Boniface I, Pope, St.
BONIFACE I, POPE, ST.
Pontificate: Dec. 28 or 29, 418 to Sept. 4, 422. Boniface was Roman-born, the son of the priest Iocundus, and had been innocent i's legate to Constantinople on several occasions. While Pope zosimus was being buried, the archdeacon Eulalius returned to the Lateran where he was
acclaimed bishop of Rome. The rest of the presbyterium and the people waited till the next day and elected the aged priest Boniface in the basilica of Theodora. The following Sunday (December 29) both candidates were consecrated and installed. Boniface was consecrated at St. Marcellus and installed in St. Peter's, because the Lateran was held by the faction of Eulalius. The pagan prefect of Rome, Symmachus, attempted to settle the quarrel, intervening on behalf of Eulalius, but was overruled by the imperial court where Boniface had powerful support. The question was debated inconclusively by several synods.
Meanwhile, both contenders were ordered to leave Rome pending a final solution, and the bishop of Spoleto was delegated to preside at the Easter celebrations (419). Eulalius attempted to prevent this, caused a riot, and was considered to have forfeited his rights, whereupon the emperor declared Boniface the lawful bishop. When Boniface became ill shortly afterward, he feared a repetition of the schism if he should die and wrote to the Roman Emperor honorius in the name of the clergy requesting assurances that peace would be maintained. The imperial rescript replied that if a double election occurred again, the government would remove both candidates and recognize only an election that was morally unanimous, a strong assertion of imperial rights in papal elections and which the pope did not challenge.
The case of the African priest Apiarius, who had appealed to Pope Zosimus, was considered at a plenary council in Carthage on May 25, 419, attended by Faustinus and another papal legate. It was decided to verify the acts of Nicaea to which Zosimus had appealed by comparing them with copies kept at Constantinople, Antioch, and Alexandria, since the African version did not correspond to the Roman. Meanwhile the African bishops were willing to abide by the decision of the pope; Apiarius was to be released from excommunication and transferred to another diocese if he begged pardon for his misdeeds. In their reply to Boniface the African bishops maintained a moderate and dignified tone, though they expressed their annoyance at the arrogance of Faustinus. Boniface also became involved in a second African dispute when the bishop Antoninus of Fussala appealed to the pope concerning his deposition for theft by an African council that was organized by Augustine of Hippo. To Augustine's outrage, Boniface agreed to hear the appeal and sent a Roman investigative commission to Africa, but when Boniface died shortly thereafter, the papal emissaries deferred to an African council, which repated the condemnation of Antoninus.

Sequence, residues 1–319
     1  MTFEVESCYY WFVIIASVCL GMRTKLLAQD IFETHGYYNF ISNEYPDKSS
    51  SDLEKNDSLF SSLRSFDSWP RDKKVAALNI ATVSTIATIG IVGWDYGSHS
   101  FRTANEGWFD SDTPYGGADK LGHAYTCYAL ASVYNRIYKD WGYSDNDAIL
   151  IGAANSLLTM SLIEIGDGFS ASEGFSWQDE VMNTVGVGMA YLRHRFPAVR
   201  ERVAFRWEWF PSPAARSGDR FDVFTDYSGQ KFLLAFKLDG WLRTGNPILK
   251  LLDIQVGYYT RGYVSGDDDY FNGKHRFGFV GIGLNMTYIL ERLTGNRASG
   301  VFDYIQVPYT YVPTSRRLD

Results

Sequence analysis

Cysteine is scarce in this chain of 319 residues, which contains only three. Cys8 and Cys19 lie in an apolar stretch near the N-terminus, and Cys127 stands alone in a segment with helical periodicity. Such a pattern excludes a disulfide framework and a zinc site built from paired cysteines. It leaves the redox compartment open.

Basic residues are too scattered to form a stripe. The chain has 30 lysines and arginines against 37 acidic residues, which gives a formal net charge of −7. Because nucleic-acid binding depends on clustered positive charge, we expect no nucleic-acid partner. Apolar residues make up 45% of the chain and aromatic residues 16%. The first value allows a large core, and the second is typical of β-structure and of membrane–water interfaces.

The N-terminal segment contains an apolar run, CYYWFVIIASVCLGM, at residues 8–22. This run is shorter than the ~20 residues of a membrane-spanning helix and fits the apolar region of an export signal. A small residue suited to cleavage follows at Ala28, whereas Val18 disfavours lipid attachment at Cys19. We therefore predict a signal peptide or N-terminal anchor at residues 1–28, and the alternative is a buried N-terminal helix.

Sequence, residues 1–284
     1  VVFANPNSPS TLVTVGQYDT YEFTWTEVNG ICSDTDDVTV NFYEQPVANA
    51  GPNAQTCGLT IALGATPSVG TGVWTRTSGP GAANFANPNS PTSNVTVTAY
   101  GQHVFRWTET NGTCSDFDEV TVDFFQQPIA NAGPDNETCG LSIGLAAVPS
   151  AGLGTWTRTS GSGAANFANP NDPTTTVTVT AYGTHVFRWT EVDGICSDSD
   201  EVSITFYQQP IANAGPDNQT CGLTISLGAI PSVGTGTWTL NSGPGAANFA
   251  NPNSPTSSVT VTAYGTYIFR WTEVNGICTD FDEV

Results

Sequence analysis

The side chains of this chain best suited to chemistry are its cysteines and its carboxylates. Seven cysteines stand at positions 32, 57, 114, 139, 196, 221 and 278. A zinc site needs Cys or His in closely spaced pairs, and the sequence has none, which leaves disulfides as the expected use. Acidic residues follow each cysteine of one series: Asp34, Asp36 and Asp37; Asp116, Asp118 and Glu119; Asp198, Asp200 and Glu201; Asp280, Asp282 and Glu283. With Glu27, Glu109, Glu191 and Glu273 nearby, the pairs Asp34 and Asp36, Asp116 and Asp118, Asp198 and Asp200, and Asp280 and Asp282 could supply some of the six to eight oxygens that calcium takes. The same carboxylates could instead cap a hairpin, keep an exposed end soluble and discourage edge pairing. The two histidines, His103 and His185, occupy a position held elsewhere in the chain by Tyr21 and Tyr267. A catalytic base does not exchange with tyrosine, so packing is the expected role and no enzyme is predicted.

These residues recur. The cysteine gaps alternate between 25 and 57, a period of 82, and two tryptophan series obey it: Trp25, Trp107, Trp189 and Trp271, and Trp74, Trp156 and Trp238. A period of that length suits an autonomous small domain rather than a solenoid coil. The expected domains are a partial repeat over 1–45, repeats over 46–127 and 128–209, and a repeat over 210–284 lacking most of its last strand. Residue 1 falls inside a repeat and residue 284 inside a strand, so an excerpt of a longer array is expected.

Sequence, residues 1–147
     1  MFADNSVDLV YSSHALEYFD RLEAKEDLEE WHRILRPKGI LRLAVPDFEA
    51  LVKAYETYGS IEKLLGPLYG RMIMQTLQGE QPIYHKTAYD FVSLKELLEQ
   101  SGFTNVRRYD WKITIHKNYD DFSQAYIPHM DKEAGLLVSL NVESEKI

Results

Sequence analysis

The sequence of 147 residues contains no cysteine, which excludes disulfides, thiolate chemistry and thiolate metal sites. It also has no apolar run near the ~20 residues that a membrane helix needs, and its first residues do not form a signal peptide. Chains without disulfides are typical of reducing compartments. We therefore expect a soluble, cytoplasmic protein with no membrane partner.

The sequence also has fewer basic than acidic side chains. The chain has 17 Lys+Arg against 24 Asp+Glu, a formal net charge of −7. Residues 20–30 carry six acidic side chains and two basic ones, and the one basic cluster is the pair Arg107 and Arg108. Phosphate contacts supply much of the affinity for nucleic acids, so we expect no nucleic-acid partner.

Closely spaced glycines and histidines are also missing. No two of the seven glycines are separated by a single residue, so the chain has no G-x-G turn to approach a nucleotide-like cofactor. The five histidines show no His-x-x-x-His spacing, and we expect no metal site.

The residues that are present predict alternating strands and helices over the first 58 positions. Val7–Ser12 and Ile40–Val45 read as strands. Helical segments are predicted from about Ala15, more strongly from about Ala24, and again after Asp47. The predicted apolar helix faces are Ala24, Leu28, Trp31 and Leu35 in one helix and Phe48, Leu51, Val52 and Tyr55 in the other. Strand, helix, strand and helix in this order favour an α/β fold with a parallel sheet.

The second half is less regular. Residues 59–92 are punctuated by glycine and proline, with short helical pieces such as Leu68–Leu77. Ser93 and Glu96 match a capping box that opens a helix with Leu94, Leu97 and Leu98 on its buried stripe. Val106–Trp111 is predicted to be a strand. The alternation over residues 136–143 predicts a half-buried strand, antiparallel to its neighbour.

In dealing with the Pelagians, Boniface acquiesced to Emperor Honorius, who issued an edict (June 9, 419) requiring all the bishops to sign the Tractoria of Pope Zosimus; Boniface likewise deferred to St. augustine and the African bishops, persuading Augustine to write his Contra duas epistulas Pelagianorum. The controversy was prolonged in Italy, however, by a few bishops led by julian of eclanum, who refused to sign the imperial edict.
Under Boniface the vicariate of Gaul, which Pope Zosimus had conferred on Patroclus of Arles, was not renewed. But when the Byzantine Emperor theodosius ii issued an edict (July 14, 421) ordering the Praetorian prefect for Illyricum not to allow ecclesiastical matters affecting his prefecture to be decided without the knowledge of the bishop of Constantinople "because the latter enjoys the prerogative of Old Rome," Boniface persuaded Honorius to obtain from Theodosius II the revocation of his edict. He wrote to Rufus of Thessalonica as his vicar, and to the other Illyrian and Macedonian bishops insisting that they respect the rules of the vicariate. The law of Theodosius was nevertheless retained in both the Theodosian and Justinian Codes despite papal opposition.
Boniface was buried in a chapel or oratory that he built in the cemetery of St. Felicitas on the Via Salaria, the exact location of his tomb being unknown. The date of his death is correctly noted in the martyrology of st. jerome, but wrongly given as October 25 in the Roman martyrology, which follows the Liber pontificalis.
Feast: Sept. 4.
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